Download
religion peace and justice unit topic n.
Skip this Video
Loading SlideShow in 5 Seconds..
Religion, Peace and Justice Unit (Topic 10 in the examination) A review of the main topics PowerPoint Presentation
Download Presentation
Religion, Peace and Justice Unit (Topic 10 in the examination) A review of the main topics

Religion, Peace and Justice Unit (Topic 10 in the examination) A review of the main topics

243 Vues Download Presentation
Télécharger la présentation

Religion, Peace and Justice Unit (Topic 10 in the examination) A review of the main topics

- - - - - - - - - - - - - - - - - - - - - - - - - - - E N D - - - - - - - - - - - - - - - - - - - - - - - - - - -
Presentation Transcript

  1. Religion, Peace and Justice Unit (Topic 10 in the examination) A review of the main topics

  2. Christian Attitudes To War There are references in the Old Testament of the Bible to warfare, and it was thought that victory would belong to the Chosen People (the Jews) through the power of God However the Jews did look forward to the coming of the Messiah, the “Prince of Peace”, after which peace would reign across the world. The Christians were originally those Jews that accepted Jesus as the Messiah. The teachings of Jesus in no way support warfare. He encouraged “pacifism” instead, turning the other cheek and never meeting violence with violence

  3. Reasons For A War To Be Called “Just” • Christians have not always been pacifists. Thomas Aquinas laid down the guidelines by which a Christian can decide whether a specific war is “just” (fair, right) or not. • The war must be declared by a government not an individual • There must be a good reason for war e.g. self-defence • The intention of the war must be good e.g. to restore peace • Civilians should be protected • The war should not cause unnecessary harm

  4. Conscientious Objectors Those who refuse to fight on the grounds of conscience, including religious belief, are known as conscientious objectors Some Christians belief that modern weapons are so devastating that no war can be “just” today In the First and Second World Wars some pacifists carried out “non-combatant” roles e.g. doctor, cook. Some were put in prison. The Society of Friends (Quakers) are the only officially pacifist Christian Church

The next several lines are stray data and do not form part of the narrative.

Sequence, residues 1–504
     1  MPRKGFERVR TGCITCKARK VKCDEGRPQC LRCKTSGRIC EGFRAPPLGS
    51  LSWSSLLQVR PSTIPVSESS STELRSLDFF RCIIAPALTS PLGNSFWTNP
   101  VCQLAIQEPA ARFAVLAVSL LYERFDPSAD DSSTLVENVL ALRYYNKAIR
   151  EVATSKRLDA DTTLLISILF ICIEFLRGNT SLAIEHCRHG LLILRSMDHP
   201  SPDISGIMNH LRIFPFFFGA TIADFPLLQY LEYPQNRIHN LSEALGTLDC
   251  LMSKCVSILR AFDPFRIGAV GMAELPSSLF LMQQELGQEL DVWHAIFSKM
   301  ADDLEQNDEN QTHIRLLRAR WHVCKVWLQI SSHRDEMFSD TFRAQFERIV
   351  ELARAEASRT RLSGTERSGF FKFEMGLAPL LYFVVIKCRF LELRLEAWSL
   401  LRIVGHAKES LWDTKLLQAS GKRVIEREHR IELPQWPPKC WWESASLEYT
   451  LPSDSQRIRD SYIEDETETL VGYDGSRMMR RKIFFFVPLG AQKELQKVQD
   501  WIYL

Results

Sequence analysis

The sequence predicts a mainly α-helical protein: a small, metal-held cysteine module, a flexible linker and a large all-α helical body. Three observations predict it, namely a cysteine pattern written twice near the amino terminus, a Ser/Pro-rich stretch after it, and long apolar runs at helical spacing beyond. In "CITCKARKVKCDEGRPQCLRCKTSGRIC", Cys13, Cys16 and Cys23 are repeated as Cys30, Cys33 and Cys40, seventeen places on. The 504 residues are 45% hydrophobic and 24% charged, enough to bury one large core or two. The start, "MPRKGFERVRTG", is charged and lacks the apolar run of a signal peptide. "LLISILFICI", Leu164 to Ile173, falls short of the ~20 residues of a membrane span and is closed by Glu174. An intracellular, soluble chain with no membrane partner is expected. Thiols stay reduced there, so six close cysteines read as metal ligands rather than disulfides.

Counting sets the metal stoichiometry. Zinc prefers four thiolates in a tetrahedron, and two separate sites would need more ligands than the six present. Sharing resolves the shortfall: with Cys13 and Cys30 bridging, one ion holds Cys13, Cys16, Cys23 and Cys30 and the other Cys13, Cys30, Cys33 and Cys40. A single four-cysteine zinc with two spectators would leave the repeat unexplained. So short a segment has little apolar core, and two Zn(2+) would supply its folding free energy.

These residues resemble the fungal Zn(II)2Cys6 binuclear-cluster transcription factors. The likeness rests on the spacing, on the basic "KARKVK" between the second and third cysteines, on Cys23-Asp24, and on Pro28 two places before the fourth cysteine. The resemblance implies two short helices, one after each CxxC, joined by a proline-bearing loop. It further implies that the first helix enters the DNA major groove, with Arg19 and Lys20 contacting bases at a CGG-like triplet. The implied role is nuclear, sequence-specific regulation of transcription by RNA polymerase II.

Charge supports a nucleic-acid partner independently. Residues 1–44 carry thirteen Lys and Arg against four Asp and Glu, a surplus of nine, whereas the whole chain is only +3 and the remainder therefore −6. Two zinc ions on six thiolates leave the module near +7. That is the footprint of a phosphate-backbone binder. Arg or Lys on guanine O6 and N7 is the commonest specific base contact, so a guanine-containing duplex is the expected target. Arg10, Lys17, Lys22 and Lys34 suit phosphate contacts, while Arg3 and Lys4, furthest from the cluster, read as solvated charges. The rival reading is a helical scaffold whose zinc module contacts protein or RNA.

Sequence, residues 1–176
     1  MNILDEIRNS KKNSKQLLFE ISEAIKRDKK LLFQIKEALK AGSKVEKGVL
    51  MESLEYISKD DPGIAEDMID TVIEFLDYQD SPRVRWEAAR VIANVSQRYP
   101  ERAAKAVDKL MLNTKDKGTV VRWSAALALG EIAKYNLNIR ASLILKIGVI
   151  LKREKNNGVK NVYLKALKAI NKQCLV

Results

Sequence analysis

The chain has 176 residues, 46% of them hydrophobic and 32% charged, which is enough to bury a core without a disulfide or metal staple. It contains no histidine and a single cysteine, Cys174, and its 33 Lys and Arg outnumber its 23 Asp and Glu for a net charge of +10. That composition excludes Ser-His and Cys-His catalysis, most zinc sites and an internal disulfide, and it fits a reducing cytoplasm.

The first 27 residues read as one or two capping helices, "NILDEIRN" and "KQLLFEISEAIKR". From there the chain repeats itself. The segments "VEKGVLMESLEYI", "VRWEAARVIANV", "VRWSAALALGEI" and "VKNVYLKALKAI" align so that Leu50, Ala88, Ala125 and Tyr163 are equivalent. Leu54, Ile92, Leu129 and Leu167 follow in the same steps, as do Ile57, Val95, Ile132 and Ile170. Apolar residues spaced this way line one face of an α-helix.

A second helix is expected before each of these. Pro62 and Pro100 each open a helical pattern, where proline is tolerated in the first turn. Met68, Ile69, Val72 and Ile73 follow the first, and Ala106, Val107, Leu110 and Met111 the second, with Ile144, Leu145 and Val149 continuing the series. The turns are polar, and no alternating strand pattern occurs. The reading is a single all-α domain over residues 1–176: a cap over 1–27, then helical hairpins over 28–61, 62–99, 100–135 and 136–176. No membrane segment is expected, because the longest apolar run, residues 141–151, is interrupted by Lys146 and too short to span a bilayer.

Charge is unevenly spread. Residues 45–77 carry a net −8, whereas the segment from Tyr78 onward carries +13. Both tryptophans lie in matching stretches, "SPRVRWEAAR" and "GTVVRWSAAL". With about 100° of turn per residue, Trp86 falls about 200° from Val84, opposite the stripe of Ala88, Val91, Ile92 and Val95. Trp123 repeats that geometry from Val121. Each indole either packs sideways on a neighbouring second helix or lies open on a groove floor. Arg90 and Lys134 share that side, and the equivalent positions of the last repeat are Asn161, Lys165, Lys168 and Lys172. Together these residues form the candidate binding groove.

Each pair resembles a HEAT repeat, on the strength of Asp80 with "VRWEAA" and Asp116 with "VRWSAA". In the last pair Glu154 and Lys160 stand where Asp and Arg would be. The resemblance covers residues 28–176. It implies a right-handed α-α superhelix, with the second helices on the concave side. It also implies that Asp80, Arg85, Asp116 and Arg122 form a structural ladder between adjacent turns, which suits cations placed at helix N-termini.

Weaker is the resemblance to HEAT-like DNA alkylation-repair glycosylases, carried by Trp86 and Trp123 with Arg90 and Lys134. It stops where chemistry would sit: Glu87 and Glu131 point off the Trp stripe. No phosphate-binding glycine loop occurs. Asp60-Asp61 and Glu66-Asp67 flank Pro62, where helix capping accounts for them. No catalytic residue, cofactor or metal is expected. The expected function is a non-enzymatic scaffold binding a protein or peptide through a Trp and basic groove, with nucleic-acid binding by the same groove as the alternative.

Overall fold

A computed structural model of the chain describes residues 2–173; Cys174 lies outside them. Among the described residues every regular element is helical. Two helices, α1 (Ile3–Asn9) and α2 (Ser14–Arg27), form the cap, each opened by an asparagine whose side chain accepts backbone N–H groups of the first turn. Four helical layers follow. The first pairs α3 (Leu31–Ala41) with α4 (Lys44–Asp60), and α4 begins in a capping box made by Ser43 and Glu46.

5. Christian attitudes to violence The Quaker Peace testimony of 1660 is the most famous statement of Christian pacifism. Read it here. Compare with this passage from the Old Testament, one of many, which indicate that God calls believers to battle. What did Jesus have to say on the subject? Read it here … or try this from Jesus

  6. ` • Reasons why many Christians are pacifists • A commandment says “thou shalt not kill” • Jesus spoke about pacifism • The actions and example of Jesus • War rarely solves problems, just creates new ones • An evil action should never be met with retaliation

  7. Justice and Punishment Christians believe that God is the ultimate Judge of us all at our deaths. However some judgement has to be passed on earth for bad actions. Christians believe that prisoners should be treated humanely and kept in good conditions The Five Purposes of Punishment Retribution – making the criminal pay Deterrence – a warning to other potential criminals Protection – to look after the interests of law-abiding citizens Reformation – giving the criminal the opportunity to change Vindication – a way of showing what society finds acceptable or unacceptable

  8. Capital Punishment Capital punishment is putting people to death for the most serious crimes. It is carried out in many countries in the world including Iran, China, Pakistan and USA. Many Christians are against Capital Punishment because it makes it impossible for the criminal to reform Some sources on capital punishment in the USA Amnesty International Capital Punishment information

  9. Social Injustice Christianity teaches that God created everybody and created them to be equal All forms of social injustice and discrimination are therefore wrong. The main pillars of social justice are: Human rights; equality before the law; freedom of movement, thought, opinion, conscience, religion; the right to marry and have children. Christians would be expected to struggle alongside people facing social injustice e.g in South America where the teachings of |Liberation theology call for direct political action to fight injustice.